The fear of dead bodies is not universal in all cultures or throughout history. I am sure, however, that the fear of the dead returning to life is common. We may desire the life of our loved one to return, but trying to manufacture such life in the dead may produce something that we do not actually want—hence, the common horror trope from Frankenstein’s monster to Pet Sematary.
There is, in fact, something uncanny about bodies without their animarum, un-animated. While we may have funerals with closed caskets in the case of some severe accident, when it is simply a matter of the corpse decaying, we have the ability to inhibit that decay, at least for a while. What we are doing, however, is akin to denying the true reality of death. We say, or hear people say, things like, “She looks like she’s just sleeping.” Or “He looks so peaceful.” Those sorts of sentiments are not too far from how the funeral director, Dobbs (Jack Albertson), describes his “art.” He says he makes the dead “look good,” and that he makes “souvenirs.” He tells the corpse of one of his patients, “I will make you beautiful again; even more beautiful than before.”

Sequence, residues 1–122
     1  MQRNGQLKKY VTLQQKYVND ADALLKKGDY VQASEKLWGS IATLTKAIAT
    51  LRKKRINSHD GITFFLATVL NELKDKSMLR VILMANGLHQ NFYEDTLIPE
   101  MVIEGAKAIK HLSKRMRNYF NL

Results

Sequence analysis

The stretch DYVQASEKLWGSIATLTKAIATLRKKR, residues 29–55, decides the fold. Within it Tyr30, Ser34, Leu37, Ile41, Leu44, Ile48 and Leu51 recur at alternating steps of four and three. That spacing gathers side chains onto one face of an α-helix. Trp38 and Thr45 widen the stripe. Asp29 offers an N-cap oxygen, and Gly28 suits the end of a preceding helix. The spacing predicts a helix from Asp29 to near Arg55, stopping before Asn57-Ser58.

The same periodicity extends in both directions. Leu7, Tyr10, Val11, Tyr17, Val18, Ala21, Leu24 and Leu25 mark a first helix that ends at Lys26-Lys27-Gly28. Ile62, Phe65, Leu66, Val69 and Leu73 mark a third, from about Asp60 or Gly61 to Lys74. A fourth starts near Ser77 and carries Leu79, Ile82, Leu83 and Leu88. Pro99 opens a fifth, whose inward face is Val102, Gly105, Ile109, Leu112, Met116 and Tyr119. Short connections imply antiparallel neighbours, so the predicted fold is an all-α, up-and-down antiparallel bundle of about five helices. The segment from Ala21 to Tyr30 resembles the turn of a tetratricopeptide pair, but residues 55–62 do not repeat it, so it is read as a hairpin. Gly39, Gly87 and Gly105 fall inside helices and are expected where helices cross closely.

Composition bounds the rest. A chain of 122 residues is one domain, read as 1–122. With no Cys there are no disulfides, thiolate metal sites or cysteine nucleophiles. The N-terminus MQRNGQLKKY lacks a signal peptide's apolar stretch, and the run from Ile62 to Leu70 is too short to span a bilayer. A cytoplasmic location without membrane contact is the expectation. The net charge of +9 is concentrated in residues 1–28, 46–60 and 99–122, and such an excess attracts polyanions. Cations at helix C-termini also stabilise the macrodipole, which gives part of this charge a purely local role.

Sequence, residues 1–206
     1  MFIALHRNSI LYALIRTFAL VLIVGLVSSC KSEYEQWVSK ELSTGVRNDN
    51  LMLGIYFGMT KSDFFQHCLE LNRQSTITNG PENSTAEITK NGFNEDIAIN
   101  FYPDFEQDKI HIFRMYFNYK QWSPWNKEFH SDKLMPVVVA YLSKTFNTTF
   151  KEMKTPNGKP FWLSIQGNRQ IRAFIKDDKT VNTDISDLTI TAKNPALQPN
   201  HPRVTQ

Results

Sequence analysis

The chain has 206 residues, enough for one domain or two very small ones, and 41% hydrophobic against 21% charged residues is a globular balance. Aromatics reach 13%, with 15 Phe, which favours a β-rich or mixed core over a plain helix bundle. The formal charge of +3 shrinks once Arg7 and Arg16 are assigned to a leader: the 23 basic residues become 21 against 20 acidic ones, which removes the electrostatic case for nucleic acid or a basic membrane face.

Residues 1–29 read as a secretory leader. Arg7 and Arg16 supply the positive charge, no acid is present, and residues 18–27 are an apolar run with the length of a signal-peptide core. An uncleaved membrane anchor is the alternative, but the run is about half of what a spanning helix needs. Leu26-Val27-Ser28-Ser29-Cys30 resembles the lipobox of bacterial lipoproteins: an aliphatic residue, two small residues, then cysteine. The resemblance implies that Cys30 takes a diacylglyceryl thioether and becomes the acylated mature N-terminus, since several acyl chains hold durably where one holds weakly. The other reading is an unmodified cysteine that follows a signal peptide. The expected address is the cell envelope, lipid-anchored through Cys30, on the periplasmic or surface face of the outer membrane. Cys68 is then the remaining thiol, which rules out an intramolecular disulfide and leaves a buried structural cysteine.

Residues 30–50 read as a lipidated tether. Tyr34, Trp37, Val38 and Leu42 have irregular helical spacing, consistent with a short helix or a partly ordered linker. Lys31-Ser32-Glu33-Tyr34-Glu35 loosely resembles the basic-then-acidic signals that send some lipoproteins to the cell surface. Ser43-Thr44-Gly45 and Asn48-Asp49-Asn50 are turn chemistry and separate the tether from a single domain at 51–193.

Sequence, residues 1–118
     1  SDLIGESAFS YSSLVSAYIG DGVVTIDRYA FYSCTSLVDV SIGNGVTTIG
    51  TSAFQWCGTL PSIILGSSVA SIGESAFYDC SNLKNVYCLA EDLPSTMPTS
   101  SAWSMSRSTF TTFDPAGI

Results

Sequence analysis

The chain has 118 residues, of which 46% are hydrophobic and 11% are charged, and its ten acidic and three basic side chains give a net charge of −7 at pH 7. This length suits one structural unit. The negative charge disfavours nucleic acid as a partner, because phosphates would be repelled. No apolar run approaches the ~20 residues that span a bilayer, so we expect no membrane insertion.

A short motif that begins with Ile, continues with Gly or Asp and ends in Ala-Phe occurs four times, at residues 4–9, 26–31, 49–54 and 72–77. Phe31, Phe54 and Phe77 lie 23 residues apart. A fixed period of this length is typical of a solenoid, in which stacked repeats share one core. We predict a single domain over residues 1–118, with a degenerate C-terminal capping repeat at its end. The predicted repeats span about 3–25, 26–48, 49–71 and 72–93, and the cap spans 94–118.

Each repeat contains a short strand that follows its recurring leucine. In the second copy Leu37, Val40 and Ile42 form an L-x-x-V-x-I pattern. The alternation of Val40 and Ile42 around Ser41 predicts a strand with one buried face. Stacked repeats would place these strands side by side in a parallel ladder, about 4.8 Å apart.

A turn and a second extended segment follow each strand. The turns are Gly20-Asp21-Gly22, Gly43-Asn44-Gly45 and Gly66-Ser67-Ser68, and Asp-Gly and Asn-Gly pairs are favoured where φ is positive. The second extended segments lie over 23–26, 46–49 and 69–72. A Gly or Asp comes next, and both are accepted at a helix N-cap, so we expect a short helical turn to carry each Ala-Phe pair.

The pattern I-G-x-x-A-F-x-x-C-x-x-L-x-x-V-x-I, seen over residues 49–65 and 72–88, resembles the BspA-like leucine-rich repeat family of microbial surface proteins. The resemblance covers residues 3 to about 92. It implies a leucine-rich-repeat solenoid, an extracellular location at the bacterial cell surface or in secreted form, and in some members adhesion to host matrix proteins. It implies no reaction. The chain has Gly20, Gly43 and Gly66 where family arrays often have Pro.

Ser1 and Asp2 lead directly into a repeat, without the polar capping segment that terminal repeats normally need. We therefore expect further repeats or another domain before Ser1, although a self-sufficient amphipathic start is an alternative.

The use of photography and flash bulbs throughout the movie seems to be another signifier of the human desire to preserve the dead, this time on film. Is there not a particular fascination with pictures, especially early photographs of those long dead? Movies preserve the actors at the ages they were when the films were produced. There is, for me, something jarring about watching an actor in an early film and then seeing a picture of him or her currently.
Of course, this being the sort of film it is, Dobbs takes the idea of preservation much further when he discovers a “scientific” technique for reanimating the dead (as long as he continues to preserve their still-decaying flesh). Throughout, the special effects are that—effective—and impressive for 1981.